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April 9, 2006
Joe Going Solo?

A local blogger has a political scoop this weekend involving Joe Lieberman. The ConnecticutBLOG reports that Senator Lieberman just upped the ante on Democrats hoping to replace him in the primary with a more leftist candidate:

Joe Lalli: Ned Lamont has already stated that he would support you if you won the Democratic nomination and Zell Miller once stated that he would always be a member of the Democratic party. Can you make similar promises?

LIEBERMAN: Will I always be a member of the Democratic party? I hope there's not a primary. I'm confident if there is one, I'll win it, but I'm not gonna rule out any other option for now because I feel so strongly that I can do better for the State of Connecticut for the next six years in the United States Senate that I want to give all the voters a chance to make that decision on Election day in November. I want to do it as a Democrat. If I didn't want to do it as a Democrat, I would choose to run in some other party, trust me. But I want to do it as a Democrat because I believe in the Democratic party, so really the choice is up to my fellow Democrats...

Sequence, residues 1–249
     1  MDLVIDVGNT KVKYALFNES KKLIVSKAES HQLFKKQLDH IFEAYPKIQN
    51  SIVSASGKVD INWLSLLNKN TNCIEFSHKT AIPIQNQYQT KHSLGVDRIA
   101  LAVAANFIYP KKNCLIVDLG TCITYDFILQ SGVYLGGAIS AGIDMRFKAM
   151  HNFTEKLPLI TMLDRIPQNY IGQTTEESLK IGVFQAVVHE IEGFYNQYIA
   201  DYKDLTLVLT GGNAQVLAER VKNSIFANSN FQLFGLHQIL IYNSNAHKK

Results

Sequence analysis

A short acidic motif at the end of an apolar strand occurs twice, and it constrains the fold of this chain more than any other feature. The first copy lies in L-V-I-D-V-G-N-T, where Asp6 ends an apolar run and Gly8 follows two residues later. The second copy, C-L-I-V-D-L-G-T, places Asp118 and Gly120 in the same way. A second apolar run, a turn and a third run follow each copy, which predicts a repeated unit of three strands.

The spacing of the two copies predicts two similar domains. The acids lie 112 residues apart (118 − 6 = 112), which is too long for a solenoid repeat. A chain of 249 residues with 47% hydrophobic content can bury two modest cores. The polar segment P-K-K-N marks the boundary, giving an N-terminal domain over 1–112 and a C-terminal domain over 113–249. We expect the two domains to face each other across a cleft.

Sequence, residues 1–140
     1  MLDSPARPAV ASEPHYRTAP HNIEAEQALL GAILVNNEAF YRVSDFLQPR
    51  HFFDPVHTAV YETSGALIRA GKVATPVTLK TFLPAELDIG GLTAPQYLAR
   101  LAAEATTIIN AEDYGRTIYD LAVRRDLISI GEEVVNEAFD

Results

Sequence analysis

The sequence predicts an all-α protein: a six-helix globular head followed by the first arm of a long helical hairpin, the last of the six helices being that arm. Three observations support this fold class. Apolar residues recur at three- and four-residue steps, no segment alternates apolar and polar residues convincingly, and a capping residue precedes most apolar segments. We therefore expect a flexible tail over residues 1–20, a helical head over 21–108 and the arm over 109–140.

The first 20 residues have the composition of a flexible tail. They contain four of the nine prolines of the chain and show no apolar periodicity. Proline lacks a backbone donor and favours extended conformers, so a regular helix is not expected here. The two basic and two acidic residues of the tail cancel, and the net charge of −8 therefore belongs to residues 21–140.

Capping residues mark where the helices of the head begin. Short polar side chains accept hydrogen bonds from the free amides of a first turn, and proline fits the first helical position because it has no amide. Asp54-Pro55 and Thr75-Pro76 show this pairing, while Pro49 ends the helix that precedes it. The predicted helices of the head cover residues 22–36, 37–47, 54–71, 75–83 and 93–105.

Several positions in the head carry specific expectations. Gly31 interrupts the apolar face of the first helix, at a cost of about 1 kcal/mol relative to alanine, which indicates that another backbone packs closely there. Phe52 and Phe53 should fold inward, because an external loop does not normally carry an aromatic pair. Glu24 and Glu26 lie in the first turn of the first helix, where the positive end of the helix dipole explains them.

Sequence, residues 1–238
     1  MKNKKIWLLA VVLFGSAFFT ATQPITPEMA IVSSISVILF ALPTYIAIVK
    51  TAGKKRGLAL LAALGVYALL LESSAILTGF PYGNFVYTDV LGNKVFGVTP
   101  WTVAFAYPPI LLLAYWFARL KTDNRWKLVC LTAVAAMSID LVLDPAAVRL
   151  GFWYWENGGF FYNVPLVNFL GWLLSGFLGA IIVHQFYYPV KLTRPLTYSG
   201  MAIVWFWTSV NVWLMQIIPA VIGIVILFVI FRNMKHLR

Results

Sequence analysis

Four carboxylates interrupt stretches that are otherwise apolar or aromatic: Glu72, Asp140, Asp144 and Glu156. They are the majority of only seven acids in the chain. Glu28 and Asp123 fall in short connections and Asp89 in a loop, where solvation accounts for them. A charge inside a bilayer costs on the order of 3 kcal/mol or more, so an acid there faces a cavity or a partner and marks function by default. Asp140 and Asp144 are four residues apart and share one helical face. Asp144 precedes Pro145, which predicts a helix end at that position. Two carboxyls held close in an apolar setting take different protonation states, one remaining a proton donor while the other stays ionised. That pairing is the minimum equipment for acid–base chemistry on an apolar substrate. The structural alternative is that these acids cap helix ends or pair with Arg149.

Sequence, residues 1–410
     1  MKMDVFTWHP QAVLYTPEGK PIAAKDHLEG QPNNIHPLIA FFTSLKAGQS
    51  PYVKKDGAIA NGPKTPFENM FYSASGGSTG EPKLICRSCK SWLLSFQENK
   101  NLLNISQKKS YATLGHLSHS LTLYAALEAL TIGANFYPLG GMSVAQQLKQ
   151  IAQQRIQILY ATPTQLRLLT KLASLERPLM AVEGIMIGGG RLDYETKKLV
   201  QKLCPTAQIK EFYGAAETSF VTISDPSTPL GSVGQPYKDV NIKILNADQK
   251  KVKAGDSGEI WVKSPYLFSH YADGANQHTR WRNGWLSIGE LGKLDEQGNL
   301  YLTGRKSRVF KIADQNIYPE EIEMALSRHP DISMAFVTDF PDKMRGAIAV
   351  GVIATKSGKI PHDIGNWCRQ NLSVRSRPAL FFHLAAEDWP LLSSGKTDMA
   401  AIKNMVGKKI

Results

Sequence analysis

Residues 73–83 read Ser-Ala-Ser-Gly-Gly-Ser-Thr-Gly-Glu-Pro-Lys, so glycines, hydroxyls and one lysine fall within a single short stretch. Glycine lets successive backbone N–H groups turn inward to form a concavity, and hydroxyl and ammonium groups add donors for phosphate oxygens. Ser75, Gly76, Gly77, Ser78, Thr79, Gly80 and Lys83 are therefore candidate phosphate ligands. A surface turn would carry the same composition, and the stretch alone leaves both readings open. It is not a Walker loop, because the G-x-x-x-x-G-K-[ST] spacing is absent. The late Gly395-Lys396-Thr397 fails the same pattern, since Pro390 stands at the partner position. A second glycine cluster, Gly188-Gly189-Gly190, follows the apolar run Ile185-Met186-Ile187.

The Democrats should not find themselves terribly surprised by this revelation. The blogger-base has heaped derision on Lieberman almost since his primary efforts in 2004 to win the presidential nomination. The lone member of the Democrat's Scoop Jackson wing in the Senate didn't promise enough radicalism for the Hollywood leftists and Daily Kos crowd, and they have targeted Lieberman for a primary defeat for almost two years.

CTBlogger expresses his shock that Lieberman isn't more loyal to the Democrats, but all that's happening is that Lieberman is reflecting the loyalty shown him. It's a shot across the bow of the party activists working to undermine him. If Lieberman does decide to run as an independent, he will split the party vote and may wind up helping the GOP capture a seat they had not considered. They might even run a serious candidate in the general election under the circumstances.

The Rhode Island situation with Linc Chaffee has some similarities, but the difference is that Lieberman votes much more often in concert with his caucus than Chaffee does with the GOP. If Chaffee ran as an independent, it would not hurt the GOP nearly as much since Chaffee's vote hardly ever goes to support key party goals. Chaffee couldn't even bring himself to vote for George Bush in the last election, opting to write in Bush 41's name instead. Connecticut Democrats have much more to lose with Lieberman, even if they themselves don't realize it.

Sphere It Digg! View blog reactions
Posted by Ed Morrissey at April 9, 2006 11:06 PM

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